The weather in the morning look'd stormy, and was showery at different times all day. I attended however Mr. Wibird's sermons forenoon and afternoon; he was this day remarkably short, and did not either time keep us more than an hour and an half: A shower fell just as the afternoon meeting, was over; and Mr. Tyler and myself went over the way, to Mrs. Church's. We borrow'd her Chaise of her, and went down first to Mrs. Quincy's.1
We found Mr. and Mrs. Guild2
there; they both appear in an ill State, of health; they have been unfortunate of late, but bear it with exemplary firmness. Mrs. Quincy is an agreeable old Lady, and Nancy,3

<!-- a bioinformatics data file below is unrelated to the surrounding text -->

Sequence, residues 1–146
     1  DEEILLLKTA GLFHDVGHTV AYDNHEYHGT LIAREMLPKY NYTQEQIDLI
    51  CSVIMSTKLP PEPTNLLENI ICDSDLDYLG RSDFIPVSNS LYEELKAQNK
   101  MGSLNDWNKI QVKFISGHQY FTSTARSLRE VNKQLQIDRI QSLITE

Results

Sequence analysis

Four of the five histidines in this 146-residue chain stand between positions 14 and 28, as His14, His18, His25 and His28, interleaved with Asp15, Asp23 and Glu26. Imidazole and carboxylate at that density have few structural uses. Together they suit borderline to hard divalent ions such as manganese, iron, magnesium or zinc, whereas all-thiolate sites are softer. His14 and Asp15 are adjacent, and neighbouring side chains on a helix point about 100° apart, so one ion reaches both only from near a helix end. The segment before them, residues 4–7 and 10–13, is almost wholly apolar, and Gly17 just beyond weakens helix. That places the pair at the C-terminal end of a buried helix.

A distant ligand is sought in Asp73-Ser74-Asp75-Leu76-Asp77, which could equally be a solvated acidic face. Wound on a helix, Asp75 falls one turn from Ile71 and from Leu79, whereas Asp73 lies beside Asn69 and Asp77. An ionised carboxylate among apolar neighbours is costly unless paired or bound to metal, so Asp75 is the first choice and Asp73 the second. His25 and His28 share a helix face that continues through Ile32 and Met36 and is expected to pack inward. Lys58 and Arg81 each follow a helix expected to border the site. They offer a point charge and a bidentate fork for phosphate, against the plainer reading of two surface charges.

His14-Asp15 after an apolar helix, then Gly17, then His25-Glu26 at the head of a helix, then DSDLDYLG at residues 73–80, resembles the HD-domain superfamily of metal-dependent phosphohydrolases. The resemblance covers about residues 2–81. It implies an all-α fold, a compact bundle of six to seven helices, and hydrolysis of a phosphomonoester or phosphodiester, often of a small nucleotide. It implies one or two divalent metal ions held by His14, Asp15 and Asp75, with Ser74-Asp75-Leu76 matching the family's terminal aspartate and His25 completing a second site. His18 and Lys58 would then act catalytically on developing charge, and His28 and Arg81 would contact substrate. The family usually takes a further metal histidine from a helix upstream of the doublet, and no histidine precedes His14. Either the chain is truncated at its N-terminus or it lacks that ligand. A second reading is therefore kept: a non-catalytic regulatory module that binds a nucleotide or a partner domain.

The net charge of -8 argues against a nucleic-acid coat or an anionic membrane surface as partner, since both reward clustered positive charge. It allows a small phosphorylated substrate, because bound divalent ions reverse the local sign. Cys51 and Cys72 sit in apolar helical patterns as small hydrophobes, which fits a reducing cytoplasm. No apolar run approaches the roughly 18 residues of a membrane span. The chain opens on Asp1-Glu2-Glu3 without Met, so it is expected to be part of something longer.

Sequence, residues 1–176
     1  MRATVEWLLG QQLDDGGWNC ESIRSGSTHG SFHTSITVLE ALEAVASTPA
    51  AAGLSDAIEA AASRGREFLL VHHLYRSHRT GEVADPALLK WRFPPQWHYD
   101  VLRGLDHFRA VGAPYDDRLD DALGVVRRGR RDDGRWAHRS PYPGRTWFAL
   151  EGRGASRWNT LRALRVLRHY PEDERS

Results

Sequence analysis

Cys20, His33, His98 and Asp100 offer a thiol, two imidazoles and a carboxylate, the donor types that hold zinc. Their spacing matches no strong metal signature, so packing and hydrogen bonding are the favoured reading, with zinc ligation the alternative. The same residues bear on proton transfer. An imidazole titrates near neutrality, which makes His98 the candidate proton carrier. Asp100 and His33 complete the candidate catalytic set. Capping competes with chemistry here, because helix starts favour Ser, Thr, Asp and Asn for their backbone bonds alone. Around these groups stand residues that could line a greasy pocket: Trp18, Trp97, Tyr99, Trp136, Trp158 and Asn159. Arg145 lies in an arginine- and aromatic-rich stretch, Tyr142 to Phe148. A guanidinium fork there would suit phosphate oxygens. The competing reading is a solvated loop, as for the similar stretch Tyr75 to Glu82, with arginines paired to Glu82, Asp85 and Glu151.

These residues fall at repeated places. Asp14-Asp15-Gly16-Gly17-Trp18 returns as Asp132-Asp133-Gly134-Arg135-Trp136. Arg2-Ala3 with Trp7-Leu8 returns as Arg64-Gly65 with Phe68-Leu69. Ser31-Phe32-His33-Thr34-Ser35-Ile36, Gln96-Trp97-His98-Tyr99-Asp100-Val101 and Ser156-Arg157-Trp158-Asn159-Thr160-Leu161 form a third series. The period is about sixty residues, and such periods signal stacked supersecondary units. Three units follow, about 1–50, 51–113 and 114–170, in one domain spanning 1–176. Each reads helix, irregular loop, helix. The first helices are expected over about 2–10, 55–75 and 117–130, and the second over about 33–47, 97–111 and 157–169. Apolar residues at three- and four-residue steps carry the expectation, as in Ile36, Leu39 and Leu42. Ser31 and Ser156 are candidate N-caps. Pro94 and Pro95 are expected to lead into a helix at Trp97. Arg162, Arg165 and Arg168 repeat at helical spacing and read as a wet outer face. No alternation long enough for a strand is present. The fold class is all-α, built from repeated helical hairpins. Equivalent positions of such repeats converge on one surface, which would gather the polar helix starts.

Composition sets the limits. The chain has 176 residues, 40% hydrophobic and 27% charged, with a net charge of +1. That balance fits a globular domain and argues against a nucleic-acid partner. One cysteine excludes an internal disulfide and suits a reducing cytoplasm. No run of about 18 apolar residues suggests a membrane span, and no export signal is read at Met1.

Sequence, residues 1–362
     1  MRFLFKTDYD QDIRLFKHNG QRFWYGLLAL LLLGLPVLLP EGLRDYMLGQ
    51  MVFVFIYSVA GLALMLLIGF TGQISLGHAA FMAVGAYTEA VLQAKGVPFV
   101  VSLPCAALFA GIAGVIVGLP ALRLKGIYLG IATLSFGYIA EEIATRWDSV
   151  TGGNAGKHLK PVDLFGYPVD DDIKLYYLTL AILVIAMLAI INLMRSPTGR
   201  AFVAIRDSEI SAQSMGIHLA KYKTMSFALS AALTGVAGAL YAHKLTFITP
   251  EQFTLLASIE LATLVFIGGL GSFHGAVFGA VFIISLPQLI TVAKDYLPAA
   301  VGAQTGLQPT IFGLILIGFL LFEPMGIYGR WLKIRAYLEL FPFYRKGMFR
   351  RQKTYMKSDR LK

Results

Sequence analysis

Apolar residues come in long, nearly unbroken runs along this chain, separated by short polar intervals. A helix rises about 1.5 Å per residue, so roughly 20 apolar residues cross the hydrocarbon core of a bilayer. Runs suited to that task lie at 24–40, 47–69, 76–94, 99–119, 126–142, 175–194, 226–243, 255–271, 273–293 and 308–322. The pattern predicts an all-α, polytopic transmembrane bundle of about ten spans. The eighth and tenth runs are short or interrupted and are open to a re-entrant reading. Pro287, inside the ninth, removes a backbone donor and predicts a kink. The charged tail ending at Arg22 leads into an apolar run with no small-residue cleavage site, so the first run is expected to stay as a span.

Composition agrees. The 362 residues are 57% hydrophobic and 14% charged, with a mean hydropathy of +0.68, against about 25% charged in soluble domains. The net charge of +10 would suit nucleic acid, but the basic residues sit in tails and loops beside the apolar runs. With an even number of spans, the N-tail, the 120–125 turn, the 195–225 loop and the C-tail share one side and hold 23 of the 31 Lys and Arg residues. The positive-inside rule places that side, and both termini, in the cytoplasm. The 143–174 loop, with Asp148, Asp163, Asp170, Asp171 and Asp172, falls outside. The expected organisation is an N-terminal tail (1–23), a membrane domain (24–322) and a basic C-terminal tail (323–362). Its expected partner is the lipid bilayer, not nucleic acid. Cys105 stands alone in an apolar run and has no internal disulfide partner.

has always the Complaisant smile on her Countenance. She is small, and fat, consequently not a beauty: yet, considering the amiable Character she bears, and her fortune which is in this Country, far from being mean, I wonder she has not yet got married: her time is not come say the girls. After drinking tea we left Mrs. Quincy's House, and on our road home, stop'd at Mr. Alleyne's and spent half an hour there. We found Mr. Boice Miss Hannah Clark's admirer: it is said they are to be married ere long. We return'd home at about 8 o'clock.
1. Ann Marsh Quincy (ca. 1723–1805), the third wife of Josiah Quincy Sr. (1710–1784).
2. Elizabeth Quincy Guild (1757–1825), daughter of Josiah Quincy Sr. by his second wife, Elizabeth Waldron Quincy (1722–1759), and wife of Benjamin Guild.
3. Ann (Nancy) Quincy (1763–1844), daughter of Josiah Quincy Sr. and Ann Marsh Quincy.